6 EXHIBIT 2. BUSINESS-TO-BUSINESS AND BUSINESS-TO-CONSUMER E-COMMERCE Source: Korper and Ellis, 2000: 7. Just as there are a variety of businesses and business transactions, there is a range of perspectives that can be taken on Internet e-commerce, including: a communications perspective: Internet e-commerce is about the delivery of information, products/services, or payments via telephone lines, computer networks, or any other means of electronic data interchange; a business process perspective: Internet e-commerce encompasses any application of technology to facilitate the automation of business transactions and workflows; a service perspective: Internet e-commerce is a tool that meets the desire of organizations, consumers, and management to cut service costs while at the same time improving the quality of goods and services and increasing the speed of service delivery; and an online perspective: Internet e-commerce provides the capability to buy and sell products and information on the Internet and through other online services. 4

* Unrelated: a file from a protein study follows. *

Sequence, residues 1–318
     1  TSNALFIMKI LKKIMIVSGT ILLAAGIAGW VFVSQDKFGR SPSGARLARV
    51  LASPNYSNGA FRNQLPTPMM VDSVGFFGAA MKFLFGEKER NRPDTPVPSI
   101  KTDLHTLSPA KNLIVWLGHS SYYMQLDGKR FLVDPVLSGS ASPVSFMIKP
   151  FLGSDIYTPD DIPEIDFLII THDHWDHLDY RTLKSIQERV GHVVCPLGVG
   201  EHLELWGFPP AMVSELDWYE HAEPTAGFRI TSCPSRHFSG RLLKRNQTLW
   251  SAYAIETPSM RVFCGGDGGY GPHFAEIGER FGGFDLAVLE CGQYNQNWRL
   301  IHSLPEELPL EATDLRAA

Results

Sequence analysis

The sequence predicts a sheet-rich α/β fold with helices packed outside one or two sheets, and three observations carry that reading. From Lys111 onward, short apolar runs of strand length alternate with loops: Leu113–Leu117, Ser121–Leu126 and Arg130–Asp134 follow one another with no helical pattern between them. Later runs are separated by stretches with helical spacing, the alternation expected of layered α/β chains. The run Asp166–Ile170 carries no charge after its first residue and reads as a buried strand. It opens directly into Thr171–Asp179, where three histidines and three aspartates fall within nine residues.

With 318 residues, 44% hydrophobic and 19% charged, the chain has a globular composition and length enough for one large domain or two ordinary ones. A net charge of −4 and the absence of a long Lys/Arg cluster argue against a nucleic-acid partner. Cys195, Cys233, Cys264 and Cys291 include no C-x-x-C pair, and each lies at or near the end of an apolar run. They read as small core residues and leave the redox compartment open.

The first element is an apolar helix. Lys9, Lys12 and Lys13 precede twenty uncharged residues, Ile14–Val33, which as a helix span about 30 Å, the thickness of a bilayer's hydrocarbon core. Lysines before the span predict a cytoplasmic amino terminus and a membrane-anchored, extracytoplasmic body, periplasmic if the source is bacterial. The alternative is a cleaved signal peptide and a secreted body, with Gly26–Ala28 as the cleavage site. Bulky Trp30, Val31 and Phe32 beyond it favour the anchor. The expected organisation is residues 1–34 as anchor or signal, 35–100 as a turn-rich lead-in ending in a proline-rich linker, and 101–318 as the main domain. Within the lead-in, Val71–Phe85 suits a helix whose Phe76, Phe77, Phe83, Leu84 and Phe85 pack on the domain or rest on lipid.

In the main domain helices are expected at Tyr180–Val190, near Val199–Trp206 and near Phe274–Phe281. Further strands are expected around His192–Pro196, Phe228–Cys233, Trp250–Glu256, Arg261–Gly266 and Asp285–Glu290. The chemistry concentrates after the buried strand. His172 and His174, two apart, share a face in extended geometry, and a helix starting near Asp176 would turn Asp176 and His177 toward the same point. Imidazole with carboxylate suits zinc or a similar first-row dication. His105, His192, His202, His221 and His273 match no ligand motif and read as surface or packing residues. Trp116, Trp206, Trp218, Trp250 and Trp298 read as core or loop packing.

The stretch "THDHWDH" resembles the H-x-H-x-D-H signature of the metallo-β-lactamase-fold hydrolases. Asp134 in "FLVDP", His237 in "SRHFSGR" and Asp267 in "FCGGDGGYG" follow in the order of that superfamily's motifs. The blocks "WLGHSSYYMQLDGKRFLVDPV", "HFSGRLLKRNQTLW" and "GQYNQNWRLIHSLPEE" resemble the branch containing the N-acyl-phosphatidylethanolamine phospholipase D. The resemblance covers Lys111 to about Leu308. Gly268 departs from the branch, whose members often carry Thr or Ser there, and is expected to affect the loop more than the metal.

7 E-commerce is a system that includes not only those transactions that center on buying and selling goods and services to generate revenue directly but also those transactions that support revenue generation such as stimulating demand for those goods and services, offering sales support and customer service, or facilitating communication between business partners. Internet e-commerce is typically divided into two main categories: business-to-business and businessto-consumer. It is important to understand these models, since e-commerce is approached differently depending on whether an organization is communicating with a business or with an individual on the Internet. Business-to-business implies the selling of products and services between corporations and the automation of systems via integration. This category of commerce typically involves suppliers, distributors, manufacturers, stores, etc. Most of the transactions occur directly between two systems. For example, suppose that an aircraft company wants to build a plane. The plane requires parts from both large and small suppliers. The goal of e-commerce is to automate the entire supply chain. The top half of Exhibit 2 illustrates a typical business-to-business e-commerce model. The model relates indirect suppliers, direct suppliers, transportation of the supplies, and their entry into the distribution system. An example of a business-to-business e-commerce system is that of DaimlerChrysler Corporation. Chrysler s suppliers of parts, packaging, and technology, now numbering over 20,000, rely on Chrysler to communicate standards and share critical software applications through its Chrysler Corporation Supply Partner Information Network (SPIN), a supply chain management and support environment for distributing files over the Internet. Over 3,500 supplier locations access the Chrysler SPIN website. More than 12,000 users access information such as Chrysler s EDI Guide or QS 9000 certification policies and procedures. They can also access dynamic database applications, such as real-time data, procurement analyses, and strategy applications. Business-to-consumer commerce involves interactions and transactions between a company and its consumers. Focus is placed on marketing and selling goods and services to the consumer. The main focus of companies such as Dell, Amazon.com, and ebay is to sell to consumers via the Internet. The bottom half of Exhibit 2 illustrates a typical business-to-consumer e-commerce model. There are hundreds of e-commerce sites that are very successful in the business-to-consumer market. These companies search for innovative ways to sell products and services on the Internet. For example, a company called Infoseek allows its visitors to search phone books, yellow pages, and addresses online. Once a person is located through this service, he or she can be sent a card or flowers or can even be called directly using a specific carrier. All of these transactions happen online. V. UNDERLYING NETWORK INFRASTRUCTURE OF E-COMMERCE Applications that fall within the realm of e-commerce depend on the underlying network infrastructures as illustrated in Exhibit 3. The network infrastructure covers the media required for moving information, and thus includes the Internet, as well as cable televisions, telecommunication networks, and private corporate networks. 5